Floor Loudspeaker Reviews

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John Atkinson Posted: Aug 01, 2013 1 comments
Boston Acoustics made its name in the early 1980s with the A40, an inexpensive two-way bookshelf design that became one of that decade's best-selling speakers. Stephen Mejias was impressed by the A40's spiritual descendant, the Boston Acoustics A25 bookshelf speaker ($299.98/pair), when he reviewed it in November 2011, and I was similarly impressed when I had the speaker on the test bench for measurement. So when, in the fall of 2012, Boston's soon-to-be-departing PR representative Sara Trujillo let me know that the company was introducing a range of more expensive speakers, I asked to review the top-of-the-line, floorstanding M350.
Kalman Rubinson Posted: Jul 03, 2013 0 comments
I had been anticipating getting to audition a pair of TAD loudspeakers in my system since the introduction of the original TAD Model-1, in 2003. It was designed by Andrew Jones, who had recently assumed the mantle of chief designer at Technical Audio Devices Laboratories (TAD), at that time a subsidiary of Pioneer. Although TAD dates back to the mid-1970s, its research and development efforts had been focused on the professional sound market, something that continues. Jones came from a long line of speaker innovators at KEF and was assigned the goal of developing state-of-the-art speakers for the domestic market.
John Atkinson Posted: Jun 25, 2013 Published: Jul 01, 2013 48 comments
The advertisements run by Colorado manufacturer YG Acoustics in 2008, when it launched its flagship loudspeaker model, the Anat Reference II Professional, unequivocally claimed it to be "The best loudspeaker on Earth. Period." They caused a stir. The YGA speaker cost $107,000/pair at the time of Wes Phillips's review in the March 2009 issue. Wes didn't disagree with the claim, concluding that, "Like my pappy used to say, it ain't braggin' if you can actually do it."
Robert Deutsch Posted: May 07, 2013 2 comments
Is there a country that, per capita, has produced more major loudspeaker brands than Great Britain? The British brands that immediately come to mind are Tannoy, KEF, Bowers & Wilkins, Quad, Rogers, Spendor, Harbeth, Castle, Acoustic Energy, ProAc, Monitor Audio, Epos, Celestion, Lowther, PMC—and Wharfedale.
John Atkinson Posted: Feb 26, 2013 Published: Mar 01, 2013 10 comments
In one sense, Richard Vandersteen has been the victim of his own success. His Model 2 loudspeaker (footnote 1), introduced at the 1977 Consumer Electronics Show, put his company on the map but proved a hard product to improve on. Based on the idea that the HF and midrange drive-units should have the minimal baffle area in their acoustic vicinity, both to optimize lateral dispersion and to eliminate the effects of diffraction from the baffle edges, the Model 2 also used a combination of a sloped-back driver array and first-order crossover filters to give a time-coincident wavefront launch.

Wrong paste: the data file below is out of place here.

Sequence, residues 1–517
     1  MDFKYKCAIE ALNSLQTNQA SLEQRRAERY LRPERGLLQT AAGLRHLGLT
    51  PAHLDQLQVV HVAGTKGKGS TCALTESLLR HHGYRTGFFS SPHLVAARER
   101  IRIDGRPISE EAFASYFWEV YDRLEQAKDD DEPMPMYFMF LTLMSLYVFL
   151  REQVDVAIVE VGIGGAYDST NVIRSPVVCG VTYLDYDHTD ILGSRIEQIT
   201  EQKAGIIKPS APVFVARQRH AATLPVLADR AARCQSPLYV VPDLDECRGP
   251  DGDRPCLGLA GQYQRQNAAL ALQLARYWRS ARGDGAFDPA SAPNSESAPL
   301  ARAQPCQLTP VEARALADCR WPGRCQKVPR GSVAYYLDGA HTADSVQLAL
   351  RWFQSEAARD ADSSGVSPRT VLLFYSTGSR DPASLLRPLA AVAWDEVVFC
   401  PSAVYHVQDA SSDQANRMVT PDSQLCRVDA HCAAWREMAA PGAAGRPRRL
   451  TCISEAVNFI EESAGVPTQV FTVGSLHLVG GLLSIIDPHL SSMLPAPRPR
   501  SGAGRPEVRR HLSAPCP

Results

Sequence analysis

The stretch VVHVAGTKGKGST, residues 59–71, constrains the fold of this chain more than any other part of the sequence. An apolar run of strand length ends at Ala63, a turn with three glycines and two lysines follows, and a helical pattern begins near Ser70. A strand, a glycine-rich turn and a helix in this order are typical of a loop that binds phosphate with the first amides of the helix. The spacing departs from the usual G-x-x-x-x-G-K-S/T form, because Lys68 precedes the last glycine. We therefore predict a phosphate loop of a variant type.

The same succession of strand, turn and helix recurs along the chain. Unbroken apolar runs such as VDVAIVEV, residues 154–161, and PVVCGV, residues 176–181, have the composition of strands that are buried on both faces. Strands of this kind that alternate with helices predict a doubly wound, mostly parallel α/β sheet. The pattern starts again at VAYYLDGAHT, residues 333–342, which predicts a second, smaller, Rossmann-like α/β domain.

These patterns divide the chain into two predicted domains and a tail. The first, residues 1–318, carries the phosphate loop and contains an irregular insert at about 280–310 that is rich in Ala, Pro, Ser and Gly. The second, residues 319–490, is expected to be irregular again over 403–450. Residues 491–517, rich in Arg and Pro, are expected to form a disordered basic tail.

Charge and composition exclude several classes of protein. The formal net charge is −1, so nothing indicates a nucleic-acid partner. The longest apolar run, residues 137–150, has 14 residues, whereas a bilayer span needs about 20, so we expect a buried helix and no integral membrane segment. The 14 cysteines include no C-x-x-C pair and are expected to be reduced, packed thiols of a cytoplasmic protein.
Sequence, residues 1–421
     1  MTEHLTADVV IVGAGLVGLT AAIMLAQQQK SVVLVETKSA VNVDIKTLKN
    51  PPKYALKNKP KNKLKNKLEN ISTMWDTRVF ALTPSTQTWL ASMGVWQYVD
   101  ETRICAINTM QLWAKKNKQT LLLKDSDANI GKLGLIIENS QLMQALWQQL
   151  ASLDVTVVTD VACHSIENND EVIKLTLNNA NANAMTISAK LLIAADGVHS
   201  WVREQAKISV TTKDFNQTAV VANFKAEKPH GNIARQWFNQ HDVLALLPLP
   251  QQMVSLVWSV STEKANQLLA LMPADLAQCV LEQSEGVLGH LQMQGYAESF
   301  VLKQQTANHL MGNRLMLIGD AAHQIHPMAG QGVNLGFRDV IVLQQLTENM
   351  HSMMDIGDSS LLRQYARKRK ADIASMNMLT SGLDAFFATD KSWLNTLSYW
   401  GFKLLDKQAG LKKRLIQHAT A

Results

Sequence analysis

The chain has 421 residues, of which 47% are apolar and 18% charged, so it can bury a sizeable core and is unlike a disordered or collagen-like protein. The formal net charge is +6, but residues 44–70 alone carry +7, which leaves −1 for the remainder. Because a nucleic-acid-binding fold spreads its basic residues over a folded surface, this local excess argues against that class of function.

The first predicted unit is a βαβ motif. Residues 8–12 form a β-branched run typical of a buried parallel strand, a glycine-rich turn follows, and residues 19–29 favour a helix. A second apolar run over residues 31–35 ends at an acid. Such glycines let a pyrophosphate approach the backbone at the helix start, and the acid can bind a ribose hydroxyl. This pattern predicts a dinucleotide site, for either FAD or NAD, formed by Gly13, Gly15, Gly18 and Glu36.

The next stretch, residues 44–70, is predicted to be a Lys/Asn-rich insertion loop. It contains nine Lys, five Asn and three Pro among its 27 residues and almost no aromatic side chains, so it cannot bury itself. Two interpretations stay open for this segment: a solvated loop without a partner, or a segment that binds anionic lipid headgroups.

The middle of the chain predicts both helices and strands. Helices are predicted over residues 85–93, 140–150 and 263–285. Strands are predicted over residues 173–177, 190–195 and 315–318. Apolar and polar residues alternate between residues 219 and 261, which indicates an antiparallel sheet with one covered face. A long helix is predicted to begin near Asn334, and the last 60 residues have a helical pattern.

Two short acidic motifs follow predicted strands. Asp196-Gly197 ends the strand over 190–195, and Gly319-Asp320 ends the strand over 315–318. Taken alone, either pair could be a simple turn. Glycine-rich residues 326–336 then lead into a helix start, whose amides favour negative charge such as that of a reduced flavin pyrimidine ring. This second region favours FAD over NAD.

Michael Fremer Posted: Dec 28, 2012 61 comments
The Wilson Audio Specialties Alexandra XLF costs $200,000/pair. So does a Ferrari. Perhaps if Wilson Audio Specialties sold as many pairs of XLFs as Ferrari sells cars, the price might drop. For now, $200,000 is what you pay.

Can a loudspeaker possibly be worth that much? Add $10,000 for speaker cables, and that's what I paid for my first home in 1992. Today, the average American home costs around $272,000, which is likely less than the cost of an audio system built around a pair of Alexandra XLFs.

Art Dudley Posted: Dec 03, 2012 66 comments
Loudspeakers have been commercially available for nearly a century, yet those whose drive-units are mounted to baffles of intentionally limited width didn't appear in significant numbers until the 1980s. That seems a bit strange, given that the technology to transform large boards into smaller boards has existed since the Neolithic era.
John Atkinson Posted: Sep 27, 2012 Published: Oct 01, 2012 1 comments
A highlight for me of Stereophile's 2011 equipment reviews was Kalman Rubinson's report on Sony's SS-AR1 loudspeaker in July. I had been impressed by this unassuming-looking floorstander at the 2009 Rocky Mountain Audio Fest, when, courtesy Ray Kimber, I had used a pair for my "Loudness Wars" demonstration—and was equally impressed when I used another pair for a dem of my recordings at Massachusetts retailer Goodwin's High End, in summer 2011. The SS-AR1 costs $27,000/pair and combines a full frequency range with an uncolored, detailed midrange, sweet-balanced highs, and excellent dynamics. "The Sony SS-AR1 is an impressive loudspeaker," summed up Dr. Kal; "it brings the analytical capabilities of studio monitoring to the listening room." So when I learned that Sony had introduced a smaller, less-expensive version, the SS-AR2 ($20,000/pair), it took me less than the proverbial New York minute to request a pair for review.
Erick Lichte Posted: Sep 07, 2012 1 comments